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'Accountability is elusive': Audit calls for Portland transit police reform

The Independent Police Review's audit says the makeup of the transit division is not well understood by the public.

PORTLAND, Ore. — Accountability for Portland’s transit police falls short of the community’s expectations, an audit by the city’s Independent Police Review concluded.

TriMet currently contracts with 14 law enforcement agencies to police the public transit system, and the Portland Police Bureau’s transit division oversees the officers working under the contracts.

According to the audit released Tuesday, the management model “leads to some adverse outcomes with community members when they have a negative encounter with a transit officer and learn that accountability is elusive.”

The IPR can only investigate a complaint about a transit officer if the officer works for the Portland Police Bureau. The IPR can refer complaints to other agencies, but most do not have independent investigators.

“The multijurisdictional makeup of the Transit Division is not well understood by the public,” the audit said.

Another issue, according to the IPR, is that transit officers on loan from various law enforcement agencies each have their own set of policies and directives, making them difficult to manage as a whole. The audit mentions, for example, that the Clackamas and Washington county sheriffs both withdrew from the transit division because of concerns that the PPB’s use-of-force directive was too strict.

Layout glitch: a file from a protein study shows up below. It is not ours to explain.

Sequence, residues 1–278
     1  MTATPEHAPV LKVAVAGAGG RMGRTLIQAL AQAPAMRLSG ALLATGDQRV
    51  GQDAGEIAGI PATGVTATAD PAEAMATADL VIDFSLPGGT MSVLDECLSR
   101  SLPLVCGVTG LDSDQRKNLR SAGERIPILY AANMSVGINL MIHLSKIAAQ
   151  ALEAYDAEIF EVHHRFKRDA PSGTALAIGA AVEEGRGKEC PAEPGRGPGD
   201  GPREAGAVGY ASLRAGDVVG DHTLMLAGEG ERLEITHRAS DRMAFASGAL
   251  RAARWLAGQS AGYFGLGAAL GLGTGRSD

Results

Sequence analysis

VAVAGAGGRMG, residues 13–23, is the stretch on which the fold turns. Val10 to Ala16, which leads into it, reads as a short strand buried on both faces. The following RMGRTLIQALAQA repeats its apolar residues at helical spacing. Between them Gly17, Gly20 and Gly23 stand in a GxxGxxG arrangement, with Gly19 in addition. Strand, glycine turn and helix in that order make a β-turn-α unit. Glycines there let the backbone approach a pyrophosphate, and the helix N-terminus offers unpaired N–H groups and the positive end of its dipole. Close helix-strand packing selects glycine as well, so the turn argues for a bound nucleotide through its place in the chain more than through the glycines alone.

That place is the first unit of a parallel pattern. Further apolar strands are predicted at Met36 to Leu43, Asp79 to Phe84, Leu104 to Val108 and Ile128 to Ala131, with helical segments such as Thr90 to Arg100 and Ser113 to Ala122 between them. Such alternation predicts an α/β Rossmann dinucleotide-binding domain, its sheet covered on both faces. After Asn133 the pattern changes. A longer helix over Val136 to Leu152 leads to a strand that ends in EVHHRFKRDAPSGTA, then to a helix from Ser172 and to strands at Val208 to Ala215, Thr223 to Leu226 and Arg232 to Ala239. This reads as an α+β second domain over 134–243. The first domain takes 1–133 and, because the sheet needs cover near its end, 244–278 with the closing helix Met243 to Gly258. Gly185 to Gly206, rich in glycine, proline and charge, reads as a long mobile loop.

The IPR issued the following recommendations for Portland police:

  1. Continue to require that all officers provide business cards at a community member’s request with information that explains where complaints and commendations can be filed with their home agencies and the Transit Division.
  2. Formalize the complaint tracking process in the Transit Division to improve accountability and communication with complainants.
  3. Incorporate data from IPR’s intake process to understand the nature of misconduct complaints against police officers, TriMet employees, and private security officers.
  4. To ensure consistent enforcement, work with TriMet to amend the intergovernmental agreement and identify which agency’s policies and directives will govern law enforcement actions on the transit system.
  5. Provide guidance for transit commanders who supervise officers from other jurisdictions to help them meet the challenges such supervision entails.

The audit notes that Portland police may no longer manage the transit division by the end of the year, but the accountability issues will still remain.

Read the full audit below.

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